RARE Daily

FDA Approves AstraZeneca’s Voydeya as Add-on Therapy for Extravascular Hemolysis in Adults with PNH

April 1, 2024

Rare Daily Staff

The U.S. Food and Drug Administration approved AstraZeneca’s Voydeya as an add-on therapy to Ultomiris or Soliris for the treatment of extravascular hemolysis in adults with paroxysmal nocturnal hemoglobinuria, a rare, chronic, progressive and potentially life-threatening blood disorder.

Paroxysmal nocturnal hemoglobinuria (PNH) is characterized by red blood cell destruction within blood vessels (also known as intravascular hemolysis) and white blood cell and platelet activation, which can result in blood clots. PNH is caused by an acquired genetic mutation that may happen any time after birth and results in the production of abnormal blood cells that are missing important protective blood cell surface proteins. These missing proteins enable the complement system, which is part of the immune system and is essential to the body’s defense against infection, to ‘attack’ and destroy or activate these abnormal blood cells. Living with PNH can be debilitating, and signs and symptoms may include blood clots, abdominal pain, difficulty swallowing, erectile dysfunction, shortness of breath, excessive fatigue, anemia, and dark-colored urine.

Extravascular hemolysis (EVH), the removal of red blood cells outside of the blood vessels, can sometimes occur in PNH patients who are treated with C5 inhibitors. Since C5 inhibition enables PNH red blood cells to survive and circulate, EVH may occur when these now surviving PNH red blood cells are marked by proteins in the complement system for removal by the spleen and liver. PNH patients with EVH may continue to experience anemia, which can have various causes, and may require blood transfusions. A small subset of people living with PNH who are treated with a C5 inhibitor experience clinically significant EVH, which results in continued symptoms of anemia and may require blood transfusions.

Voydeya is a first-in-class, oral, Factor D inhibitor developed by AstraZeneca’s Alexion Rare Disease as an add-on to standard-of-care Ultomiris (ravulizumab) or Soliris (eculizumab) to address the needs of the approximately 10 to 20 percent of patients with PNH who experience clinically significant EVH while treated with a C5 inhibitor.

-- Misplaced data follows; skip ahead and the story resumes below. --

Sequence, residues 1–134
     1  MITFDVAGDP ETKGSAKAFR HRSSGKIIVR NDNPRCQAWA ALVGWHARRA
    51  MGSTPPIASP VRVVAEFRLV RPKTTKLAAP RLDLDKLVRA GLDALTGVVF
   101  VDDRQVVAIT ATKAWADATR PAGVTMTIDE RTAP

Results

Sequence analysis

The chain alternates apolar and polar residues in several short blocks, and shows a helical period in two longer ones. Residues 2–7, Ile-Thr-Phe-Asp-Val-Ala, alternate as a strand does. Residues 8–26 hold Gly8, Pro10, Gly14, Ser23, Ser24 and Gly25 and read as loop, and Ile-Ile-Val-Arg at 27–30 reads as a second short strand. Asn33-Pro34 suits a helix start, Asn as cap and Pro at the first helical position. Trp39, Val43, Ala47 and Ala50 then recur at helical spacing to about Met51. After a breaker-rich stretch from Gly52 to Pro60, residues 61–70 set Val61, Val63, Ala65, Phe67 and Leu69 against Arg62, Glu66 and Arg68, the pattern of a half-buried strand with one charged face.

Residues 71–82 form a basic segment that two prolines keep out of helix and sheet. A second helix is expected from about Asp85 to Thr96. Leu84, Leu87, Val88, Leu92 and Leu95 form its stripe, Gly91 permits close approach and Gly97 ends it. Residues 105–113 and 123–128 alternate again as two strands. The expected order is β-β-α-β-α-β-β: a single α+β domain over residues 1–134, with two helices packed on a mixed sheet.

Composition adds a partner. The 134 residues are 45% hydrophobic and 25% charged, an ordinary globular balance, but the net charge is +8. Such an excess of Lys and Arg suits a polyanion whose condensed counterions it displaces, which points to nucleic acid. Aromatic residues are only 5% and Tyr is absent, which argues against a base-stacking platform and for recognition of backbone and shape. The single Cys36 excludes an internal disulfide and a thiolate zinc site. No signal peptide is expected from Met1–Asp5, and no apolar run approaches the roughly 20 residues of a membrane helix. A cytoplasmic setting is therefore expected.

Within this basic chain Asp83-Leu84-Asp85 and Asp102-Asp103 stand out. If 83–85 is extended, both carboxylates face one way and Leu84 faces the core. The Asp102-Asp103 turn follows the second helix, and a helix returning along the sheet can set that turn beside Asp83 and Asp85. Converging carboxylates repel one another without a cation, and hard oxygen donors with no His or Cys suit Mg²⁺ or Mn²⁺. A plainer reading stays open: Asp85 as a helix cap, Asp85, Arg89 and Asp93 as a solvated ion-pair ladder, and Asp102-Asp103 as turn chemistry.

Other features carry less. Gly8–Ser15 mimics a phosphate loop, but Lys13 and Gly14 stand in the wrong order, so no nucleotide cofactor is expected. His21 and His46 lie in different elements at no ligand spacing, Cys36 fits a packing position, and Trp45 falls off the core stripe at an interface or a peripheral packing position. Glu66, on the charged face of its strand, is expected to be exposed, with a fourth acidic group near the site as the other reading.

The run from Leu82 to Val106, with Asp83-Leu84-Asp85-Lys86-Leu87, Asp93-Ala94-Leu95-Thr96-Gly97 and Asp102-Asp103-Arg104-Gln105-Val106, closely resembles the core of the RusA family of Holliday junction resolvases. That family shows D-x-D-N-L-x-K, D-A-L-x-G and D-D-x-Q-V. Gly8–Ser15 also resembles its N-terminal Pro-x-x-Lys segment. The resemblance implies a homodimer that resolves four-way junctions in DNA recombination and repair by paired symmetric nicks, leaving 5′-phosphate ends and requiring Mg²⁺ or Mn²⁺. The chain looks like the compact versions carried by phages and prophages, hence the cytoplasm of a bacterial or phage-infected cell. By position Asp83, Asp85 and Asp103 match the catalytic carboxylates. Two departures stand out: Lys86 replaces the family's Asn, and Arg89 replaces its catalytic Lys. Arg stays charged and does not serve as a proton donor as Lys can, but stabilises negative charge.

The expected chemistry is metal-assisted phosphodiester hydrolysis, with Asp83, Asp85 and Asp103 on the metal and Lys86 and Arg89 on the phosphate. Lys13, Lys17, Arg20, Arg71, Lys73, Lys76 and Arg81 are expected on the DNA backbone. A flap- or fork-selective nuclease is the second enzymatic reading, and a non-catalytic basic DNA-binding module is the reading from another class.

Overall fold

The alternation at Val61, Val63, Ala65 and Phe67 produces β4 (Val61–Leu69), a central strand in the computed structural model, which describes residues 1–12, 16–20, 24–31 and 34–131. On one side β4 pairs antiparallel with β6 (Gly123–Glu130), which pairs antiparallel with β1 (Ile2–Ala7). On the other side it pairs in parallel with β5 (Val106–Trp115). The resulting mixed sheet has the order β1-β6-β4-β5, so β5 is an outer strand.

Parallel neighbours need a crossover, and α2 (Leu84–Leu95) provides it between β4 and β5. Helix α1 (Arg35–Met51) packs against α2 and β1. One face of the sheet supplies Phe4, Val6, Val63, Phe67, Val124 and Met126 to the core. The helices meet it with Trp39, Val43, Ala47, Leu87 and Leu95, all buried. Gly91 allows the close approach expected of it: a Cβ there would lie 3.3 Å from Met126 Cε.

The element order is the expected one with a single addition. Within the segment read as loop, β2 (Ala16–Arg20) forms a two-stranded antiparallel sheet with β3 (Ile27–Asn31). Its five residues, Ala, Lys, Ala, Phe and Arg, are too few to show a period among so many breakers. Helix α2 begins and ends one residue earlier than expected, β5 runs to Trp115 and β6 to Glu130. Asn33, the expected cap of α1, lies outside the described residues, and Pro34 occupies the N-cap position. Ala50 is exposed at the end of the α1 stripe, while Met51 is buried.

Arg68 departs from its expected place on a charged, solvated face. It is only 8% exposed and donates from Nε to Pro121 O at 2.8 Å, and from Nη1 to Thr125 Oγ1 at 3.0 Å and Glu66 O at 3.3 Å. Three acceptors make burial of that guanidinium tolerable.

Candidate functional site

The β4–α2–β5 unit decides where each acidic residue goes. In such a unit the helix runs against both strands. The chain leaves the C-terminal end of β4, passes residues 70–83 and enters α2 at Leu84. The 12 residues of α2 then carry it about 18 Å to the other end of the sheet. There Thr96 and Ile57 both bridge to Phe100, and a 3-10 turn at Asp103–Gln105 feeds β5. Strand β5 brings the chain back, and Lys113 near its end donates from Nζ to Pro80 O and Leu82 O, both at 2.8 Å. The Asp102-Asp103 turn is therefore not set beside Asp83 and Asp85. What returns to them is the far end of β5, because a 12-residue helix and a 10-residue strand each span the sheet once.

FDA approval was based on positive results from the pivotal ALPHA phase 3 trial. Results from the 12-week primary evaluation period of the trial were published in The Lancet Haematology.

The ALPHA phase 3 trial evaluated the efficacy and safety of Voydeya as add-on to Ultomiris or Soliris in patients with PNH who experienced clinically significant EVH. Results showed that Voydeya met the primary endpoint of change in hemoglobin from baseline to week 12 and all key secondary endpoints, including transfusion avoidance and change in Functional Assessment of Chronic Illness Therapy – Fatigue (FACIT-Fatigue) score. Voydeya was generally well tolerated, and no new safety concerns were identified. In the trial, the most common treatment-emergent adverse events were headache, nausea, arthralgia and diarrhoea.

Voydeya has been granted Breakthrough Therapy designation by the FDA and PRIority MEdicines (status by the European Medicines Agency. Voydeya has also been granted Orphan Drug designation in the U.S., European Union, and Japan for the treatment of PNH. Voydeya has been approved in Japan and recommended for approval in the EU. Regulatory reviews are ongoing in additional countries.

“The approval of first-in-class, Factor D inhibitor Voydeya marks an important advancement in the treatment of PNH,” said Marc Dunoyer, CEO Alexion Rare Disease. “As the ALPHA trial suggests, dual complement pathway inhibition at Factor D and C5 may be an optimal treatment approach for this subset of patients with EVH, enabling them to continue with proven standard-of-care therapy.”

Photo: Marc Dunoyer, CEO Alexion Rare Disease



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